“As president & CEO of NJ Transit, Kevin lives and breathes the mission that Governor Murphy tasked him with: turning around the agency to restore it as a national role model in public transportation – a turnaround that is already underway.”
“As an aside, Kevin also maintains a working family farm raising and breeding livestock. While his farm doesn’t generate any net revenue, working the farm is a pastime that Kevin and his family have enjoyed together for many years – it’s a labor of love for the Corbetts. The Corbetts maintain full compliance with all necessary state requirements as it relates to the farm.”
Records show that Corbett, who worked as a top executive at international engineering giant AECOM before joining state government, purchased his 6.24 acre Mendham property in 1998 for $1,175,000. Corbett pays $20,131 in taxes, but just $900 of it on the 5.5 acres that he uses to herd his sheep.
Christie, who does not have a farm, pays more than double that amount on a nearly identically sized property, local tax records show.
An old real estate listing described the Corbett home as having two barns with five stalls that includes a three-room apartment.
It’s not clear if anyone lives in the barn apartment, although Corbett’s financial disclosure does not list any rental income.
Murphy appointed Corbett to run NJ Transit a few weeks after taking office in 2018. His starting salary was $19,000-per-year higher than his predecessor, Steven Santoro.
Criticism of part-time farmers taking advantage of reductions in their property taxes in nothing new.
During his first campaign for Congress in 2010, Rep. Jon Runyan (R-Mount Laurel) defended paying less than $500 in property taxes on 20 of his 25 acres because he sold firewood and grazed donkeys.
Two years earlier, Rep. Scott Garrett (R-Wantage) faced calls for an investigation into his farmland tax assessment when his Democratic opponent alleged that the congressman saved as much as $41,000 annually thanks to a Christmas tree farm run by his brother that did not appear on his personal financial disclosure.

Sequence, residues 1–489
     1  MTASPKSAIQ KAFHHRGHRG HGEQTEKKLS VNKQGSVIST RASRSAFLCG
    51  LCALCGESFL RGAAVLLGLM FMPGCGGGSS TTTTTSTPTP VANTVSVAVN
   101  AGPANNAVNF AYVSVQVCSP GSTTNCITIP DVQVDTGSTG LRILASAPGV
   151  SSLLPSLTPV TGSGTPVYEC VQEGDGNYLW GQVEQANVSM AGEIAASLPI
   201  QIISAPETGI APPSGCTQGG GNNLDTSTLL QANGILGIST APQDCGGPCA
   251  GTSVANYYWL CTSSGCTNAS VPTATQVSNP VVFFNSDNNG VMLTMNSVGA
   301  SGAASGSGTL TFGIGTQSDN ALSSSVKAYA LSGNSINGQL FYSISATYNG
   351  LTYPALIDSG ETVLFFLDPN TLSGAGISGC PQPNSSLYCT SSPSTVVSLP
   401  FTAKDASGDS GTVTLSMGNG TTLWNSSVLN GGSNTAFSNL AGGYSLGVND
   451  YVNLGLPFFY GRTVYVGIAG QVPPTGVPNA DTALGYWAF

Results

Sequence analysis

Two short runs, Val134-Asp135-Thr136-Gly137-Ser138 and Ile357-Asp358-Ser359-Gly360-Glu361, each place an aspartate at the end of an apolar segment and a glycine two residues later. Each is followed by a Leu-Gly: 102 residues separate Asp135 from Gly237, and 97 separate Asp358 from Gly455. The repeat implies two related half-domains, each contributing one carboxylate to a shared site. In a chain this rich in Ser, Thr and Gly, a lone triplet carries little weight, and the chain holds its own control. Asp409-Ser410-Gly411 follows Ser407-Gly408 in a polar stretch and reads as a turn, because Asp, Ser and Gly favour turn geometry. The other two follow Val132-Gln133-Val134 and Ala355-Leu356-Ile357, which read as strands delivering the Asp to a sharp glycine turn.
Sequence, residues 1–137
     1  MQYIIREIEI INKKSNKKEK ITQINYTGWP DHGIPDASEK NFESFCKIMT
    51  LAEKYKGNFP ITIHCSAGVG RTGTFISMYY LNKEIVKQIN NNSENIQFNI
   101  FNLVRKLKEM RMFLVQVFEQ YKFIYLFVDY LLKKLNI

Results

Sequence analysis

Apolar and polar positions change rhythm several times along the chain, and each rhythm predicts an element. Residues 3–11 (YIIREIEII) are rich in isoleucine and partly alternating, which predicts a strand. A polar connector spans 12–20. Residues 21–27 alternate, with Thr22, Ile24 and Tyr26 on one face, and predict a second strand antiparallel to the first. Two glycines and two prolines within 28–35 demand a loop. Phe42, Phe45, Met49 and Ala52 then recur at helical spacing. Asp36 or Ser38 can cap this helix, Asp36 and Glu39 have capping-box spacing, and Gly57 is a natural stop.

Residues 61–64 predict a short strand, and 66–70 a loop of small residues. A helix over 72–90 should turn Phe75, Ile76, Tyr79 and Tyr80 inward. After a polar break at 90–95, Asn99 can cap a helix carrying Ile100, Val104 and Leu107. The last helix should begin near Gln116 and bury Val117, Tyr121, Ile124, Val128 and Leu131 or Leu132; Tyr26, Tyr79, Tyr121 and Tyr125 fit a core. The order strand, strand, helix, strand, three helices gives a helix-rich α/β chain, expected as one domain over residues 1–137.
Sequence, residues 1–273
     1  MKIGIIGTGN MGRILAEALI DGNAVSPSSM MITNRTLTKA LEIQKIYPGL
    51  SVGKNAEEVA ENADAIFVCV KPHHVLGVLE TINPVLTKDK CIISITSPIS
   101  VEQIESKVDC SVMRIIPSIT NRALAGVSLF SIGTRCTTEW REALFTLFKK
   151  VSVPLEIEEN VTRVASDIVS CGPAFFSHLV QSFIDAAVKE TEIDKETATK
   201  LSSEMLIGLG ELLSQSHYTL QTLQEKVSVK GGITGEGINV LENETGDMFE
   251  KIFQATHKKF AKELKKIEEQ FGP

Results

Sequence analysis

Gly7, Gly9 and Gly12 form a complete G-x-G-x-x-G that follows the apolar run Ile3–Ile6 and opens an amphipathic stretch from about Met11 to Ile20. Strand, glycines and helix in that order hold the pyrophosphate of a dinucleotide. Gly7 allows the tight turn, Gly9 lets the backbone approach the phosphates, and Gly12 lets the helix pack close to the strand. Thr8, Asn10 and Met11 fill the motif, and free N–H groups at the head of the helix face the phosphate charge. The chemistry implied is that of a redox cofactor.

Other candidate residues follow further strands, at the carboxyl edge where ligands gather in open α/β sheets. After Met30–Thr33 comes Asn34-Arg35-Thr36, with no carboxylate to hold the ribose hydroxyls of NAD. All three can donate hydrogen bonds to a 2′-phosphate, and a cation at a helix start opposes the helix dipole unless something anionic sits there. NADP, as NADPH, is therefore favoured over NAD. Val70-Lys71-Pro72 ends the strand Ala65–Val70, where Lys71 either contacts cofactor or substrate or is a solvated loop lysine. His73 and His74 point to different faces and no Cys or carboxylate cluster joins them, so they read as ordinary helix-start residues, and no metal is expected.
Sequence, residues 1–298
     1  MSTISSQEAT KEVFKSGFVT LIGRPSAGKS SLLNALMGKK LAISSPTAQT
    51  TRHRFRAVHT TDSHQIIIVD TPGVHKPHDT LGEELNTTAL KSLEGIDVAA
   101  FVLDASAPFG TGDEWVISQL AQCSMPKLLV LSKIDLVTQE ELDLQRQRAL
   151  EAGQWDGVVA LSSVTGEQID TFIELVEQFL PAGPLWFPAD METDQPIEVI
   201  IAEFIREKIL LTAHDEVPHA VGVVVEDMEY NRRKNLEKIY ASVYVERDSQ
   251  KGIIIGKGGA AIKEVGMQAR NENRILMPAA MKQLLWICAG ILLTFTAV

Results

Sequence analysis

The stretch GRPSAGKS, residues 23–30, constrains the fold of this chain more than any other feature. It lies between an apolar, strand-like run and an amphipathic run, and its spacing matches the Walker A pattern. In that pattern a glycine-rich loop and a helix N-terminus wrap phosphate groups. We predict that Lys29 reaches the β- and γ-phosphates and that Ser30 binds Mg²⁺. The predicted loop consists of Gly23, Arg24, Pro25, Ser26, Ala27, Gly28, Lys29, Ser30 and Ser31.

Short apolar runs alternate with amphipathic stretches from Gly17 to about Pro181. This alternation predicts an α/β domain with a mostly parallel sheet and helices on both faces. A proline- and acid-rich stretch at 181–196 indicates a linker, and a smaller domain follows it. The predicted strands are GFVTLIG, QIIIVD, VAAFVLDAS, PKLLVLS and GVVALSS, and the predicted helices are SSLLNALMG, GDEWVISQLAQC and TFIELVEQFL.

State Sen. Ellen Karcher (D-Marlboro) was hammered in her 2007 re-election campaign by Republican Jennifer Beck for claiming a tax incentive for a cord-wood and Christmas tree farm. Karcher did not initially include her farming income on her financial disclosure, but later amended it to do so.
Her loss was blamed on the farmland tax assessment issue.
In the 1993 New Jersey gubernatorial race, Gov. Jim Florio made a farmland tax reduction obtained by rival Christine Todd Whitman into a campaign issue. Whitman had sold firewood to friends and family to show revenues for her farm.
Whitman, who defeated Florio in that race, was able to deflect the issue by inviting reporters to tour the working farm and enjoy a lunch made with food raised there.
President Donald Trump saves about $88,000-a-year on local property taxes on a portion of his luxury Bedminster golf course because of a flock of eight goats he maintains, according to a report in the Huffington Post.
Trump is also a hay farmer.